The 5th Avenue Theatre presents the musical Oliver! this Christmas season through Dec 31. The music and lyrics by Lionel Bart have become as familiar as the original story and inspiration for the musical, Oliver Twist by Charles Dickens. As familiar as this classic crowd-pleaser may be, a good production always makes it feel fresh, and if you have only seen the 1968 film version, this extraordinary live performance will be a new experience, indeed. Directed by David Armstrong, Oliver! stretches every note it can to deliver its message of hope and survival in a callous and predatory world. The performance is top-notch and a must-see for musical theatre lovers. The question is: Is it worth the trip for everyone else? I believe it is, but it’s worth unpacking the complicated facts about Oliver!
Dickens’ stories were enormously popular in his day, but not because they rosily glossed prevalent social ills. His characters are morally complex and they navigate a realistic world, corrupt from the upper crust to the demimonde, but there is always a chance for redemption. Dickens was at his most imaginative and most redemptive when he penned A Christmas Carol, which is more famously associated with this season. His works have been accused of being too sentimental, but the writer himself did not pine or dream idly. He actively sought reform, especially regarding education and the rights of children. In our time when social inequality is again being examined and discussed—and in a city with a rather large population of homeless youth—Dickens’ characters and themes seem especially relevant.
But when you watch Oliver!, you are seeing less of Dickens and more of Lionel Bart, who had his own story and era. Bart’s musicals have achieved great longevity, and Oliver! is still a standard in the UK, but the composer and writer suffered a major slump after his early successes. Oliver! was his third musical, his first smash, and he never repeated its success. It debuted in 1960, in the mid-century, middle class golden age—the age of post-War baby booms, Cold War bomb scares, and Civil Rights rumbling. Dickens’s works had never lost their luster; Oliver Twist had been adapted for film many times over. A sparkling musical inspired by it did two things: It gave his themes and characters a slightly less dreary and prosaic world to live in, and it brought to full bloom the buds of sentimentality that some critics disliked in his work. Dickens was a realist at heart, but Bart was an escapist, and it shows.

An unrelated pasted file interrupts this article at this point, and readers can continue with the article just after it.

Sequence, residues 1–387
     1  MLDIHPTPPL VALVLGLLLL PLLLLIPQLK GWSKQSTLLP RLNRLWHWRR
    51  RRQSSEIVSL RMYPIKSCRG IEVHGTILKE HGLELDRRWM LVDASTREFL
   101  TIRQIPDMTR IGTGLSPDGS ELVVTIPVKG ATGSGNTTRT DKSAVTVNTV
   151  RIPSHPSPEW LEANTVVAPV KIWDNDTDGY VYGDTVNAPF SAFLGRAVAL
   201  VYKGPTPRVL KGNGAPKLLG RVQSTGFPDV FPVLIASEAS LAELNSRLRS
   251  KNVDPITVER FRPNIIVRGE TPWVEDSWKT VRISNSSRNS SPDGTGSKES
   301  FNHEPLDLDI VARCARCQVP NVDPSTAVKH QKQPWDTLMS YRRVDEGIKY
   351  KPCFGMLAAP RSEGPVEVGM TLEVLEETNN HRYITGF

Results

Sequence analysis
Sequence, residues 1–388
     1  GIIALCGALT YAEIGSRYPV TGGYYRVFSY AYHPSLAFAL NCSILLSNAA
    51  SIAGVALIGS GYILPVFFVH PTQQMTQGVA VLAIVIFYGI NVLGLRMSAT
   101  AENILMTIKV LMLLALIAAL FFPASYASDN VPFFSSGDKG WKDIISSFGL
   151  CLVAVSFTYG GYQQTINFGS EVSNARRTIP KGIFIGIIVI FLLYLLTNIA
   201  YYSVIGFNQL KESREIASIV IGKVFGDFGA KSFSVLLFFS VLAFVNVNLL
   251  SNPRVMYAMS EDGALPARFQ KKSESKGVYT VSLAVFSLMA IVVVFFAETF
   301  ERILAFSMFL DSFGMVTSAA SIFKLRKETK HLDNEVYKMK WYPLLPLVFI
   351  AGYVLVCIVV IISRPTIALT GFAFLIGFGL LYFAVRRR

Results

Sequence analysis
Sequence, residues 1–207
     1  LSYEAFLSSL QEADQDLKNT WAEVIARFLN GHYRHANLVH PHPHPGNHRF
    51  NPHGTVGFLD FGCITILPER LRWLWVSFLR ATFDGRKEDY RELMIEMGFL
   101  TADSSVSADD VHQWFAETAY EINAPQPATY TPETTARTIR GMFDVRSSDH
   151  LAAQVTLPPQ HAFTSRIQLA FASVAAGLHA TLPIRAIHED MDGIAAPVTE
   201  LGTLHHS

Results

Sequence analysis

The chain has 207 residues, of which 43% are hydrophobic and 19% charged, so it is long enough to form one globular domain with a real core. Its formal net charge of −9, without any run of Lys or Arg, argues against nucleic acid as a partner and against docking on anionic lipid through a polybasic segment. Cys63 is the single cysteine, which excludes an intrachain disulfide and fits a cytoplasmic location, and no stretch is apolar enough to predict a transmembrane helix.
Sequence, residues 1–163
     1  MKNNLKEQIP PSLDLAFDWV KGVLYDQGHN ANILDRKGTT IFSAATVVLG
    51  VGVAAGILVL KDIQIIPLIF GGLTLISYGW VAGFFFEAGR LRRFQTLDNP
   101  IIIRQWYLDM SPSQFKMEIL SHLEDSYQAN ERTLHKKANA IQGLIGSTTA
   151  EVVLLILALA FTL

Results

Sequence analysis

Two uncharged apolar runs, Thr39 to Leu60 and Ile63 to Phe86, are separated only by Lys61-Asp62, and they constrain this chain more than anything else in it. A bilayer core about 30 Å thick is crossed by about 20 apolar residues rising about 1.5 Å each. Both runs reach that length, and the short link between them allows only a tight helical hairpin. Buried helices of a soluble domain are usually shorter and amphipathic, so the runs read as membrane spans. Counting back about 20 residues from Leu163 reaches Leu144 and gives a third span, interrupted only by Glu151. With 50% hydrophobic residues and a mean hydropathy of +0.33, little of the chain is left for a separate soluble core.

And yet Bart created several cultural touchstones in Oliver! that are more resonant on stage (and screen). The scene when Twist asks for more gruel (and the bellowing response from Mr. Bumble) has become iconic because of the musical and later film adaptation. The medium is the message and catchy songs and dances and punctuated moments of drama are what make a musical. As social commentary, Oliver! is not effective, and it will always draw criticism because its source material was. Oliver! is an unabashed spectacle with a message of deliverance and hope, family-friendly even in its moments of greatest despair and peril. Oliver! really is Oliver’s world. He and his naïve courage serve as the lens through which the audience views his world and the moral complexity of its inhabitants. For the musical to be effective, the production must present such a fully realized world and the acting must show this complexity. The 5th Avenue production succeeds.
The sets embellished and period costumes are beautiful and allow for plenty of movement, which provides another subliminal aspect of the world according to Twist. Though the urchins and other members of the lowest class face a grim reality, the sets and numbers unfold in such a way that the opportunities and avenues seem infinite on the mean streets of London. We know this is a fantasy, an essential state of mind for the young protagonist, even when circumstances seem darkest and most cruel.
The lead role is ably performed and shared (night to night) by Jack Fleischmann and Mark Jeffery James Weber. Among the morally complex figures he meets, the loving fallen woman Miss Nancy is dearest to Twist. Merideth Kaye Clark owns that role with an astounding voice and acting chops that give her performance the heart of gold that it needs. Grayson J. Smith has all the necessary pluck and charisma to play the Artful Dodger, world-weary but youthful, and sympathetic even as he ushers Twist into the criminal underground of London. David Pichette plays the hypnotic Fagin, whose turmoil and conflict are palpable. Hans Altwies plays Bill Sikes, the not so typical bad guy, the ruthless hunter of the underground destined to prowl.
The cast is large with some doubling and each part is played to the maximum, an ode to the human spirit—in all its moral ambiguity—that makes the most invisible classes of society larger than life. It brings light into the heart and happiness to the mind, and perhaps some measure of Dickens’ social platform will persist. For fans of the book, for fans of musical theatre, and for those who want to see a story of generosity and redemption that isn’t the most typical holiday fare, Oliver! at the 5th Avenue Theatre is a must see.
Oliver! plays through December 31st at the 5th Avenue Theatre.